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Benefits of Oolong Tea

Oolong tea is made from Camellia sinensis leaves -- the same type of tea leaves that are used to make green, white and black tea. The difference between oolong and the other teas is the amount of time the leaves are allowed to ferment, or oxidize, according to the Linus Pauling Institute. Oolong tea leaves are oxidized longer than the leaves used for green and white teas but less than the leaves used for black tea. Drinking tea regularly may benefit cardiovascular health and help control blood sugar.

Oolong and other teas contain polyphenols -- a type of plant-based compounds that generally have antioxidant properties. Flavonoids are a subclass of polyphenols and commonly associated with cardiovascular health benefits. Tea flavonoids may prevent oxidation of "bad" LDL cholesterol and increase "good" HDL cholesterol levels, according to Harvard Health Publications. This can help prevent formation of cholesterol plaques, improve artery function, lower blood pressure and help prevent heart disease. In a study of 1,500 adults, drinking between 4 and 20 ounces of green or oolong tea a day for a year resulted in a 46 percent lower risk of subsequently developing high blood pressure. The study was published in the July 26, 2004 issue of "Archives of Internal Medicine."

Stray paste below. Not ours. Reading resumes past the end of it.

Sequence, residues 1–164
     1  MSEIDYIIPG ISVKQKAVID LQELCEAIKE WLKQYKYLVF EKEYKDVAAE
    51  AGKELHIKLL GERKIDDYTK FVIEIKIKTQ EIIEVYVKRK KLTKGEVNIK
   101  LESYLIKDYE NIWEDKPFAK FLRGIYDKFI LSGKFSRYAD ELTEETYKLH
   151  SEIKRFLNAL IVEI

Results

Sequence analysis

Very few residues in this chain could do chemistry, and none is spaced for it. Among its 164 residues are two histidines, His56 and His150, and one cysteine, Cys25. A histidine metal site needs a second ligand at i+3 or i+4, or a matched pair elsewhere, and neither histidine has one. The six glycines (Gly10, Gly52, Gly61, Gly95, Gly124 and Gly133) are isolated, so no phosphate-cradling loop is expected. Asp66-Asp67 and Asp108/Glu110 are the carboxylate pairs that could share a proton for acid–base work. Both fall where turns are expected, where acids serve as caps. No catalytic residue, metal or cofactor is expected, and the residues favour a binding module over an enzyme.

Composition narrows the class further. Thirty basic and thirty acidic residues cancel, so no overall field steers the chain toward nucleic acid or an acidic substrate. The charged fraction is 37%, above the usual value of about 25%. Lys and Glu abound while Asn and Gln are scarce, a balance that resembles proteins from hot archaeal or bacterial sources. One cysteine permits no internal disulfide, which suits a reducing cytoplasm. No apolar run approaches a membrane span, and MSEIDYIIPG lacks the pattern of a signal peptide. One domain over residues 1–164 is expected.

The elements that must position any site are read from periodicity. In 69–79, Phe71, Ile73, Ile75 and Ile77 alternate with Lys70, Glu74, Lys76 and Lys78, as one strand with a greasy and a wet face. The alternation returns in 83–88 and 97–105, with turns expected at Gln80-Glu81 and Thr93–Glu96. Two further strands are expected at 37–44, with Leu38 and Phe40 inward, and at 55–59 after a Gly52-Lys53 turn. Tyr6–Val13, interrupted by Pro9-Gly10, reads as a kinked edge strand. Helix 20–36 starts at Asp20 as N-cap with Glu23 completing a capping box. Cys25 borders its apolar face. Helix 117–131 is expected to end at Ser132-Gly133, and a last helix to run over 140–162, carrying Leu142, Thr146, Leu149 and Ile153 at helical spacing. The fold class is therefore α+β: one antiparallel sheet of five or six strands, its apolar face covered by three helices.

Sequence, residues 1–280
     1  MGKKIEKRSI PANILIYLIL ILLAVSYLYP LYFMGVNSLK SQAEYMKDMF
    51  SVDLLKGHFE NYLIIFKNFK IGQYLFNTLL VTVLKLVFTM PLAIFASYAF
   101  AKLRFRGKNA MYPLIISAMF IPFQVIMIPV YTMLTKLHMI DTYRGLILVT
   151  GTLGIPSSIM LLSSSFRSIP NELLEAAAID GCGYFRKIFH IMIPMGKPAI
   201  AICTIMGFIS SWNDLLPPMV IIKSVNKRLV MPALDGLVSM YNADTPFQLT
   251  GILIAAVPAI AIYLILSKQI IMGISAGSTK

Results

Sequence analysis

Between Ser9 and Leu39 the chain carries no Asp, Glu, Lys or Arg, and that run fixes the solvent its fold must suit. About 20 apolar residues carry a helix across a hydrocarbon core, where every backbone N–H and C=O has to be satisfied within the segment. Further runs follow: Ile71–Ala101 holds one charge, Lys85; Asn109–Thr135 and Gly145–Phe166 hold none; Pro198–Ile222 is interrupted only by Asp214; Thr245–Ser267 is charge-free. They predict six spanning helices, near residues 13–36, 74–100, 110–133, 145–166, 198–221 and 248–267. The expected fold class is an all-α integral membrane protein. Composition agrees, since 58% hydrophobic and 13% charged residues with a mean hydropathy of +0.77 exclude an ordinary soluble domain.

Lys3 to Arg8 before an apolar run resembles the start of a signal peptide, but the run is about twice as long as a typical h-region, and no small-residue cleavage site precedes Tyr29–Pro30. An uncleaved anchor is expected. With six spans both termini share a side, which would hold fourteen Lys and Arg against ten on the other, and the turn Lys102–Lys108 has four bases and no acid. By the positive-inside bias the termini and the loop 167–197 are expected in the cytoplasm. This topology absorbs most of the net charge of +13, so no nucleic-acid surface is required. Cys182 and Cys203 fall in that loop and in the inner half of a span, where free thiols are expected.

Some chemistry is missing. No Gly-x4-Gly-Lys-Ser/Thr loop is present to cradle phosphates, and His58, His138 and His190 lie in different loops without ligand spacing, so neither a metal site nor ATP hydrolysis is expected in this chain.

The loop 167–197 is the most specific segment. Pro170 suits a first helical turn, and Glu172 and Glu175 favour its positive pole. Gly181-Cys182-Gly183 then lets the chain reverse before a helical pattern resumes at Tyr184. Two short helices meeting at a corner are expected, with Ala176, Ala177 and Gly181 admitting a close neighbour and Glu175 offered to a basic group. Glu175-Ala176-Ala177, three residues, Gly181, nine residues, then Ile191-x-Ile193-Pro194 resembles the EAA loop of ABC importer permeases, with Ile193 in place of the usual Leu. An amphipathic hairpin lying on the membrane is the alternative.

In addition to flavonoids, oolong tea contains other polyphenols that are not found in green or black tea and may help lower your blood sugar, according to Dr. David Shafer, a professor of medicine at the University of Texas at Tyler. In a study published in the June 2003 issue of "Diabetes Care," 20 participants with Type 2 diabetes drank 1.5 quarts of oolong tea per day for a month to test its health benefits. Compared to drinking plain water, drinking oolong tea produced 29 percent lower blood glucose levels.

Oolong tea contains a specific group of flavonoids called catechins. Catechins may, in some instances, slow the growth of cancer cells, according to the National Cancer Institute. Animal studies have shown catechins to be effective cancer-fighting agents. They are able to eliminate free radicals before they cause cell damage and reduce the size of chemically-induced tumors. Human studies, however, have shown opposing outcomes. Some studies show promising results where catechins in tea may help treat and prevent cancer, while others demonstrate no effectiveness. The National Cancer Institute cites these disparities as most likely the result of environmental, dietary and lifestyle differences among the subjects studied.

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This article reflects the views of the writer and does not necessarily reflect the views of Jillian Michaels or JillianMichaels.com.